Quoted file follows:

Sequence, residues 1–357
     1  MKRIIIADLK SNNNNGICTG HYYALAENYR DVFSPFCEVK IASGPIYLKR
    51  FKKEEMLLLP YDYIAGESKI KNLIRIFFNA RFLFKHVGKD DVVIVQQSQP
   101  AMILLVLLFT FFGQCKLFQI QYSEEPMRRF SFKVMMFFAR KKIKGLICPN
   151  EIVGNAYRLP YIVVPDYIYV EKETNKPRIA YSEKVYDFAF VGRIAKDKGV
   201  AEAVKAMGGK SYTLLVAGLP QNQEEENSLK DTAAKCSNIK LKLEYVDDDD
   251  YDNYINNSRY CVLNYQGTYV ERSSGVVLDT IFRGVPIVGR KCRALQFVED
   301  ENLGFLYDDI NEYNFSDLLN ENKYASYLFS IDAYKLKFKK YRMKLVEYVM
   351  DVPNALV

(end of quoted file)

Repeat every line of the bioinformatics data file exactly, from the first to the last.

Sequence, residues 1–357
     1  MKRIIIADLK SNNNNGICTG HYYALAENYR DVFSPFCEVK IASGPIYLKR
    51  FKKEEMLLLP YDYIAGESKI KNLIRIFFNA RFLFKHVGKD DVVIVQQSQP
   101  AMILLVLLFT FFGQCKLFQI QYSEEPMRRF SFKVMMFFAR KKIKGLICPN
   151  EIVGNAYRLP YIVVPDYIYV EKETNKPRIA YSEKVYDFAF VGRIAKDKGV
   201  AEAVKAMGGK SYTLLVAGLP QNQEEENSLK DTAAKCSNIK LKLEYVDDDD
   251  YDNYINNSRY CVLNYQGTYV ERSSGVVLDT IFRGVPIVGR KCRALQFVED
   301  ENLGFLYDDI NEYNFSDLLN ENKYASYLFS IDAYKLKFKK YRMKLVEYVM
   351  DVPNALV